The CottagesJul 23, 2014 12:56PM ● By Jillian Humphries
Butler happened to have attended the Young Professionals Summit put on by the Greater Omaha Chamber of Commerce. The event featured a tour of South Omaha given by artist Larry Ferguson, a photographer whose studio is on Vinton Street. She knew she was on to something.
“We knew we wanted to look at the Vinton area,” says Butler. “It has a true neighborhood feel.”
Ratigan agreed that the area’s rich cultural history makes for a unique neighborhood vibe. And the location was a bit away from the bustle of downtown while still being close to the heart of the city. Butler is a manager at the First National Bank contact center while Ratigan is an attorney. His office is located downtown, but he also often works from home.
After surveying the area for possible houses the couple found their home in The Cottages, situated between Vinton, Spring, 21st, and 22nd streets.
“There are only three stoplights between here and Downtown,” says Ratigan. “You can’t beat that.”
The Cottages were recently purchased by Harvest Development and endured an extreme facelift. Built in the 1890s, the homes were originally used for immigrant meat packers, mostly Korean, working in the stockyards.
According to Autumn Gibson, the director of property management, about half of the 20 rental homes are still up for grabs at the just-opened Cottages.
“We are hoping to entice those who are interested in not only a more urban feel, but also in being a part of the revival of Vinton Street,” Gibson says.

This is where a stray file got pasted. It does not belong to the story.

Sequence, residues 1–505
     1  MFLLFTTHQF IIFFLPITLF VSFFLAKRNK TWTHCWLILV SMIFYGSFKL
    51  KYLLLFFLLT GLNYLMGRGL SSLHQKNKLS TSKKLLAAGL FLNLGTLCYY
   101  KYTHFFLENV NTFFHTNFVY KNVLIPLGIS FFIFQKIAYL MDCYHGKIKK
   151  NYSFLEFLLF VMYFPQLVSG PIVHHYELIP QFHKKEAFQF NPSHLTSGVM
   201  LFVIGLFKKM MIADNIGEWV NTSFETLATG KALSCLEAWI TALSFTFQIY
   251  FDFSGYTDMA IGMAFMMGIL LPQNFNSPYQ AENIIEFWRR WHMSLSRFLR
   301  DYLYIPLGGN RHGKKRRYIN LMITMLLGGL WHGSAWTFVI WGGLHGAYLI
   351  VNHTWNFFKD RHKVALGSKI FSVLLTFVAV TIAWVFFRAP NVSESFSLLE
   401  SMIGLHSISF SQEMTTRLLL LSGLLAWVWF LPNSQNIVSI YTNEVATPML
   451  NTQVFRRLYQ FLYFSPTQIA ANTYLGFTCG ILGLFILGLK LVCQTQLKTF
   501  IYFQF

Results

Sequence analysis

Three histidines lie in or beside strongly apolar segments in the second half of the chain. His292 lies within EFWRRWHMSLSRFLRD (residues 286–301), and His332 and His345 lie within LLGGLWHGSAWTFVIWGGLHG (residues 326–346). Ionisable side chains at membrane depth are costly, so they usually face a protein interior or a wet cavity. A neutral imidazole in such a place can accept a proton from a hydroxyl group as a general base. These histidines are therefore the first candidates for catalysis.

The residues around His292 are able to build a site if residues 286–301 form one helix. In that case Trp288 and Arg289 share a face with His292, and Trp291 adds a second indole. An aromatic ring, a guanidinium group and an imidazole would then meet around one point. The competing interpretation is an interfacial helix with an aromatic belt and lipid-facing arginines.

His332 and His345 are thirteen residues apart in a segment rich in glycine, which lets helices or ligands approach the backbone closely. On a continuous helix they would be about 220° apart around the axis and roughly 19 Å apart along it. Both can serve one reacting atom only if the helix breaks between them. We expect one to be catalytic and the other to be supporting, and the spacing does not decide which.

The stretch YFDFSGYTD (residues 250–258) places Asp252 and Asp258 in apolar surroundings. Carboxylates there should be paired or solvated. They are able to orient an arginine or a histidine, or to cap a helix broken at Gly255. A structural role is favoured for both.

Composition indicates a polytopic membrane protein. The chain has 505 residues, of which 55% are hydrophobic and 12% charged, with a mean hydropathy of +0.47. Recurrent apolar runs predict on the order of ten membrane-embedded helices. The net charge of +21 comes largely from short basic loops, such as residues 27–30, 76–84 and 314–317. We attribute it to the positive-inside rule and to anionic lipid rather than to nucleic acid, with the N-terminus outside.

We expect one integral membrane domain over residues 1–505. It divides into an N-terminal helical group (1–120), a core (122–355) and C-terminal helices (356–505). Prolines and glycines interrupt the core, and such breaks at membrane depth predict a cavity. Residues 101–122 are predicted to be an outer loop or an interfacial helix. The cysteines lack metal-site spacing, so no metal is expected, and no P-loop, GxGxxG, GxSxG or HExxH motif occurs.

The homes are 1½ stories and can be found in several sizes. Though the homes have been redone from top to bottom, they still evoke a bygone era.
“I like that it’s an older home,” says Ratigan, “but they kept all the original hard wood floors and charm. You can tell that there is great respect for the area that is being preserved.”
The young couple was also looking for outdoor space. The two try to spend as much time as they can hiking and camping; spending weekends by the Platte River, at Indian Cave State Park, and at Hitchcock Park.
Their two-bedroom, two-bath home comes complete with both front and back decks, plus a shared green space. Now they don’t have to hop in the car to become one with nature.
“It’s much more peaceful here and we have a spot to sit outside,” adds Butler.
It comes as no surprise that younger families are finding their way to the Vinton area. It is in a time of revival, says Ferguson. Harvest Development’s renovation of The Cottages and the new families moving in are only part of something much bigger. His studio has been on 17th and Vinton since 1983, and Ferguson has spent the last 30 years watching the area grow.
“When I arrived in the 1980s, Vinton was dead,” Ferguson says. “There were vacant places, property values were depressed, very few people—it was in a state of serious decline.”
Now the street boasts numerous eateries, galleries, beauty salons, carnicerias, and a super mercado. Not to mention the Apollon, which is a new hot spot to experience visual art, theatrical performances, music, and gourmet food.
“When you see big businesses putting money into neighborhoods, you know things are going up,” says Ferguson.
Councilman Garry Gernandt feels that The Cottages is a vital link to the neighborhood’s rebound. “It creates a good mix to an area that has been in new stages of revitalization for the last few years,” says Gernandt. Ratigan and Butler are excited to be a part of that mix.
“The positivity of this area is underrated,” says Butler. “It’s very family friendly and a great part of town.”